Whittier History

Our community name comes from the great poet John Greenleaf Whittier who described feisty Barbara Fritchie of West Patrick Street, whom he never met, as waving a flag at Confederate troops and shouting, “Shoot if you must this old gray head but spare your country’s flag.”

In the late 1980s, Ausherman Development Corp planned the Whittier Planned Neighborhood Development (PND) as a residential development with a mixture of single-family homes, townhouses, and condominiums. The plan proposed using about 350 acres, taken from the Linwood T. Offutt farm and the Kemp farm. It would include commercial development and public spaces and facilities.

The Kemp farm was inside the city limits while the Offutt farm was outside the boundaries. At the time, the city “strongly supported Ausherman’s plans,” which would further “the city’s desire to expand the city’s property tax base” and to provide more housing needed by the city to grow. Ausherman was unable to develop Whittier unless the entire property was inside the city boundaries “because the planned development required an extension to the city’s public water supply and sanitary sewer.”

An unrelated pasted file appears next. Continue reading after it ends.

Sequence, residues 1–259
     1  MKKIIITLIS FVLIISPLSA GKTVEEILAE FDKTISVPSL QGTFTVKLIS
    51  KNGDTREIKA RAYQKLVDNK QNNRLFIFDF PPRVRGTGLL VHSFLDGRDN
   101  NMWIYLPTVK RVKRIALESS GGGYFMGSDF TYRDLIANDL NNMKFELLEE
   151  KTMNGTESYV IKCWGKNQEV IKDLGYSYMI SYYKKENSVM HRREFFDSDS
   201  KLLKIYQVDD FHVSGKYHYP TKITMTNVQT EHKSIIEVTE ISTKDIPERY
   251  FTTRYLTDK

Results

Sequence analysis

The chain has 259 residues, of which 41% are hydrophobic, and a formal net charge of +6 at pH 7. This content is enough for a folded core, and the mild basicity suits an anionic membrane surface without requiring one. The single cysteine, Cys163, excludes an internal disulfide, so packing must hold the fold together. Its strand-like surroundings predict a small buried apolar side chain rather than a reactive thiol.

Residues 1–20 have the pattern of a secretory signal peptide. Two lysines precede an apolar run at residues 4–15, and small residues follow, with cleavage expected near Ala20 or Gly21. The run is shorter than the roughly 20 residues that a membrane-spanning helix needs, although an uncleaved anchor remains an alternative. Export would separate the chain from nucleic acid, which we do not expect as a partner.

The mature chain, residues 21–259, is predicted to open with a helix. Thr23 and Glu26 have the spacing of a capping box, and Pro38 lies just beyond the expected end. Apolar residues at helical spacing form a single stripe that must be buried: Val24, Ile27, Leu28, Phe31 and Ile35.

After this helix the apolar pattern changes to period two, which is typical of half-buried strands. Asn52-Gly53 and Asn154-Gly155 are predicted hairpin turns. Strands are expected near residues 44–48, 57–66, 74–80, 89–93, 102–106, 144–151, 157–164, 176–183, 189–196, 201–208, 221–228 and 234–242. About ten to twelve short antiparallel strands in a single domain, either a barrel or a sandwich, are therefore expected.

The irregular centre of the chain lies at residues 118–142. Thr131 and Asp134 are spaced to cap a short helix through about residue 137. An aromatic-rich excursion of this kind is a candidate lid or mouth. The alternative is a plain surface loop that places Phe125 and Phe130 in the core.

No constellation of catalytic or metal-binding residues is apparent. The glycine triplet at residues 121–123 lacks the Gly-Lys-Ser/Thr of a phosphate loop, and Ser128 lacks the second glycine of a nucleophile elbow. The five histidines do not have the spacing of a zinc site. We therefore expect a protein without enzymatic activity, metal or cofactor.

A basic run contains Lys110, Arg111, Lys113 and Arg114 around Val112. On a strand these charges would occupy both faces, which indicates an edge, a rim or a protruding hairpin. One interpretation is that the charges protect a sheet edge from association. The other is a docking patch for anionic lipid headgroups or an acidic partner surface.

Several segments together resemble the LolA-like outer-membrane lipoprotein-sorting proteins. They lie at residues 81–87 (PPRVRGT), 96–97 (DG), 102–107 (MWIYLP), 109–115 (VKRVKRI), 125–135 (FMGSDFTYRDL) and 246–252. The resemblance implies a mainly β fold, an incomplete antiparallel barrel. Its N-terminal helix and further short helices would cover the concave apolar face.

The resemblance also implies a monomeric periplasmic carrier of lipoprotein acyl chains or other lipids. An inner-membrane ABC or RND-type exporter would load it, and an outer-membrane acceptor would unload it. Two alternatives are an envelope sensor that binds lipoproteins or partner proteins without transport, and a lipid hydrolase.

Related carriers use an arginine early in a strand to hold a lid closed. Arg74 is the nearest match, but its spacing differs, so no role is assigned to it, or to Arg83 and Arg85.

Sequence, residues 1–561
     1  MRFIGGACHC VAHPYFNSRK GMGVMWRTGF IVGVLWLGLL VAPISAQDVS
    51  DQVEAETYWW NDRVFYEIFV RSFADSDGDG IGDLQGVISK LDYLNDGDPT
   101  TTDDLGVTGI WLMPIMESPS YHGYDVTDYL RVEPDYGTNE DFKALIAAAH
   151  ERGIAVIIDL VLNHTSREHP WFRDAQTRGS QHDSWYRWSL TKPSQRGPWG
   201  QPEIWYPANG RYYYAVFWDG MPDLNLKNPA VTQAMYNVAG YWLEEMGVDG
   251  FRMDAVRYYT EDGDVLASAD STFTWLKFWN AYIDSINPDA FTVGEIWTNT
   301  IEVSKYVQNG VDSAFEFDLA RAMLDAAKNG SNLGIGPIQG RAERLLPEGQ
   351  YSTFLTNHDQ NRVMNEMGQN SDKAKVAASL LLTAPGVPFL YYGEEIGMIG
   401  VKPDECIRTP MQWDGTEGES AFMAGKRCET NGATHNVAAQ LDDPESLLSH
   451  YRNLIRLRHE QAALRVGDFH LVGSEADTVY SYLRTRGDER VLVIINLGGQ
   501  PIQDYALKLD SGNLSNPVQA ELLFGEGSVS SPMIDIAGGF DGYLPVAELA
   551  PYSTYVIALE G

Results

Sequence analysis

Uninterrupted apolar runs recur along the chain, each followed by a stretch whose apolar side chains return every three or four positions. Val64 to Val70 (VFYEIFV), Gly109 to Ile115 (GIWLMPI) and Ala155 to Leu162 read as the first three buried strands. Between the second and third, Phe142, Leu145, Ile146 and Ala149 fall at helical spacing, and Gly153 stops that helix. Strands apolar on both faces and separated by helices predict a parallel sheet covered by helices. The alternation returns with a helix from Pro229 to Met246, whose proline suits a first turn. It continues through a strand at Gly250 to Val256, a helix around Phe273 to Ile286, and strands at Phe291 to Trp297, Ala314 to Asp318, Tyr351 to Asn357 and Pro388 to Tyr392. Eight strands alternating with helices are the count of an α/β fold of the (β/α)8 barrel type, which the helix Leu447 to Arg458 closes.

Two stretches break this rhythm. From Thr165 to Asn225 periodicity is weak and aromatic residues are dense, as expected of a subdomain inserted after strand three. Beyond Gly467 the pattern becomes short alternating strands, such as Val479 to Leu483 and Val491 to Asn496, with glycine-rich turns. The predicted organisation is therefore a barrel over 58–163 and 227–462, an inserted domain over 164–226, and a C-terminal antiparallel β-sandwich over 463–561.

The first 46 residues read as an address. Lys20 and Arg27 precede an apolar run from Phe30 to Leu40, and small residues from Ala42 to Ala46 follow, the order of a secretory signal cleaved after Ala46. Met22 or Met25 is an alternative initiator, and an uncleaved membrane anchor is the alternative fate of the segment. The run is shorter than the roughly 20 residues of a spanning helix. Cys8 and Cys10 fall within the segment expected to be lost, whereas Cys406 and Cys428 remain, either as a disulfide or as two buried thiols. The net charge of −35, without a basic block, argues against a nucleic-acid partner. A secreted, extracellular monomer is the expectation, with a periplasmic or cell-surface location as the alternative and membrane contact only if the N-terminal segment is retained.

In June 1988, the city’s mayor and board annexed the Offutt farm. In a complex agreement, the city and Ausherman agreed to a schedule of expanding public improvements, such as streets, water, and sewer lines, and storm drains. Ausherman agreed to give the city a 10-12-acre parcel for construction of an elementary school. Later the city requested a 1 million gallon water storage tank and promised that “building permits will not be denied due to lack of acceptable domestic water supply” and that “occupancy permits will not be denied due to the lack of completion of the storage tank.” Ausherman complied with the terms of the agreements. 1,590 units were planned to be built.